Benefits of Sniff Time for Dogs
You might find it frustrating when your dog wants to stop and sniff every landmark while going for a walk. However, when dogs sniff, they are gathering vital intel about their territory and four-legged neighbors. Whether it’s discerning the scent of a male rival, a notification that a bitch is in heat, or that a critter they’d like to chase took a pause in that spot, sniffing offers a wealth of enriching information.
Staci Lemke, CPDT-KA, RVT explains that sniffing is how dogs gather and process information to interpret the world. “Imagine someone taking you to an art gallery, then blindfolding you. You wouldn’t get much out of it, would you? I imagine that’s how it is for dogs that are rushed along on walks without the opportunity to stop and sniff,” she says.
When you look at the science, it’s no surprise dogs love to sniff everything. Dogs’ noses have more than 200 million scent receptors—compared to a measly six million in humans. Plus, dogs sniff five to 10 times a second, which we only do once every 1.5 seconds.
Studies even suggest sniffing makes dogs feel more optimistic. Sniffing offers your pet the chance to make more of their own choices and engage in naturally enriching behaviors.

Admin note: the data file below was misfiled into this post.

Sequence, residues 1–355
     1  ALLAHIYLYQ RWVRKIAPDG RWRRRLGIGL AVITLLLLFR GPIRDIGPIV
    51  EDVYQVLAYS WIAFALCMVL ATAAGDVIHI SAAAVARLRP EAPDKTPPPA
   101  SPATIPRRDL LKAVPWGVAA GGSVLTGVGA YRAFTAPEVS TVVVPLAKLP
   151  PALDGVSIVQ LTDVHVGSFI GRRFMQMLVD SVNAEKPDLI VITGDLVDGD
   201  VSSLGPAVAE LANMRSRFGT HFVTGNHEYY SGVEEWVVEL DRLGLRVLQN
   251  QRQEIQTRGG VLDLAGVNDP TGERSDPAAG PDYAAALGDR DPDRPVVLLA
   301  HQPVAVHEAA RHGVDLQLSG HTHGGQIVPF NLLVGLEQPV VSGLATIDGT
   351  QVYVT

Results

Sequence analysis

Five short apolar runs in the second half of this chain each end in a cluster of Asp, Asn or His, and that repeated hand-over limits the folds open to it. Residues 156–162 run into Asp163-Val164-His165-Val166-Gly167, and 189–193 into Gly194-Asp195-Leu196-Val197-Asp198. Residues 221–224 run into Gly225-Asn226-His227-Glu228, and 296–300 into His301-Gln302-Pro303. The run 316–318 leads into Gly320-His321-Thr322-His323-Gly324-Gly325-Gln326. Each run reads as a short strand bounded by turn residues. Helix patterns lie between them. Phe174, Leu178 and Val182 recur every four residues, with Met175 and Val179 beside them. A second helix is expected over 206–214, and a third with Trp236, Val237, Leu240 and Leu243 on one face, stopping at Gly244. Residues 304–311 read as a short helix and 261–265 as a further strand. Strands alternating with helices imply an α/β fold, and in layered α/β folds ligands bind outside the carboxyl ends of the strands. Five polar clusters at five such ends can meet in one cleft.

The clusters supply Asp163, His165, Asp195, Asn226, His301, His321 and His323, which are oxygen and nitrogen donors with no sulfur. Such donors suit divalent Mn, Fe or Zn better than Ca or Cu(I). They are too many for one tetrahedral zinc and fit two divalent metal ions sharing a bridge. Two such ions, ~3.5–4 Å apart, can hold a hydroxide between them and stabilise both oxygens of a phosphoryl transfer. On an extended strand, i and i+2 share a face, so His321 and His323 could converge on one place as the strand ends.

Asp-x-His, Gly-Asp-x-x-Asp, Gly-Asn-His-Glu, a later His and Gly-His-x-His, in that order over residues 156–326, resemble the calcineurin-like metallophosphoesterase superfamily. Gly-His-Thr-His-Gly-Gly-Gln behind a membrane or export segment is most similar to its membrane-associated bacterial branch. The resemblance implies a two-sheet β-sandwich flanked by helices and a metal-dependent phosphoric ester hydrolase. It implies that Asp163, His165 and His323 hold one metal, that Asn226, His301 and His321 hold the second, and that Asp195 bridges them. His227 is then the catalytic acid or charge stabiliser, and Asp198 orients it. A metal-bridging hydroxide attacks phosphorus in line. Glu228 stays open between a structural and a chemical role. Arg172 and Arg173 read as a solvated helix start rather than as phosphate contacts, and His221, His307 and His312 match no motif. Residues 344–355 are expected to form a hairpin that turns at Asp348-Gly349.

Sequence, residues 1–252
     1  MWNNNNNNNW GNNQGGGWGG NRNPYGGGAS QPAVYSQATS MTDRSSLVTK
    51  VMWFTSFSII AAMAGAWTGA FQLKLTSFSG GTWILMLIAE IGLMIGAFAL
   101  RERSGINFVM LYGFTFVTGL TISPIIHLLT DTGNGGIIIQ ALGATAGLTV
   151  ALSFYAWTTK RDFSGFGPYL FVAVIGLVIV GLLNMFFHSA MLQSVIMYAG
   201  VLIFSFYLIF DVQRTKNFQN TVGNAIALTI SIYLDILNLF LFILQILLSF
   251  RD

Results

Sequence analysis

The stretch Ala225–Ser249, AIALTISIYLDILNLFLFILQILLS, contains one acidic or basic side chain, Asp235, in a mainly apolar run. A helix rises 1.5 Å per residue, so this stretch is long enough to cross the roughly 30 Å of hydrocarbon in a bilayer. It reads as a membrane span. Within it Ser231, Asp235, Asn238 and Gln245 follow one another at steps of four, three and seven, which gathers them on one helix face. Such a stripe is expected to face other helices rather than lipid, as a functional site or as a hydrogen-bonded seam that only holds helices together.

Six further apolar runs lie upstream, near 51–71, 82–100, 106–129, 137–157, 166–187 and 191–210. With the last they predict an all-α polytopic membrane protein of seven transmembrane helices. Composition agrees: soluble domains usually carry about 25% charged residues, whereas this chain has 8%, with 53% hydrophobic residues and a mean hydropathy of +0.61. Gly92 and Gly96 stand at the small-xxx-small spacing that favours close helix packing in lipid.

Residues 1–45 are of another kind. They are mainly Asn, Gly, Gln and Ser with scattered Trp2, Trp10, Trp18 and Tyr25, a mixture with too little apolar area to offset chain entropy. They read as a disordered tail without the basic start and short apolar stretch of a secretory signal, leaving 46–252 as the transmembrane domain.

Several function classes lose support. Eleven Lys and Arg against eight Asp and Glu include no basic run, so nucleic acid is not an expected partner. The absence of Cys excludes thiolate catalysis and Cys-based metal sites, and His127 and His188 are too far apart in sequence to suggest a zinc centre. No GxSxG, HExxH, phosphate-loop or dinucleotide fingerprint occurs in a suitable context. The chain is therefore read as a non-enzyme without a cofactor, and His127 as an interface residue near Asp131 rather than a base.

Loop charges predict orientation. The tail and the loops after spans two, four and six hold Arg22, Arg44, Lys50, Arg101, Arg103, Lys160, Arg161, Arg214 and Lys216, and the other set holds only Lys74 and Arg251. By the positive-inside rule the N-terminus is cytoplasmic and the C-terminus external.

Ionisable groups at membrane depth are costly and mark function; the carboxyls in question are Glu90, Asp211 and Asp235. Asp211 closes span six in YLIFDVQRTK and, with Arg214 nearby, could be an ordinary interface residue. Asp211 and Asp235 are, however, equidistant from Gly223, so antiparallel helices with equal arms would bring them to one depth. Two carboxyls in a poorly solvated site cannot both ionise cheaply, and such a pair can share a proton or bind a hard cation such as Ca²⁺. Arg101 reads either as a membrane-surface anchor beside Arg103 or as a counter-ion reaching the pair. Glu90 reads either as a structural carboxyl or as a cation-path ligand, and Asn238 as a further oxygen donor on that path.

Sniffing Can Make Your Dog Feel Better
Some dogs can become over-stimulated when they do high energy level activities, but harnessing your dogs natural sniffing behavior is a calm and generally relaxing option.
A 2019 study published in the Applied Animal Behavior Science Journal even suggests that providing ample sniffing opportunities can make your dog feel more optimistic.
Sniffing Is an Important Part of Doggy Communication
Dont forget that sniffing is also a vital part of how your dog communicates. You may get frustrated when your dog wants to sniff every lamp post down the block, but they are usually just checking out the scent marks of another dog in the neighborhood. These scents will allow them to tell if the dog is a male or female, if it is one they are familiar with, and whether they are in the near vicinity or not.
Owners can be embarrassed when their dog automatically gravitates towards sniffing another dogs butt when they first meet. For a dog though, this is almost like an evaluative handshake. They are getting to know the other dogs distinct smell.
Sometimes sniffing can also be an appeasement behavior. If your dog is trying to diffuse a situation with another dog, they may begin to sniff the ground to let them know they are not a threat. By allowing your dog to do this rather than pulling them away, it can help to relax both dogs.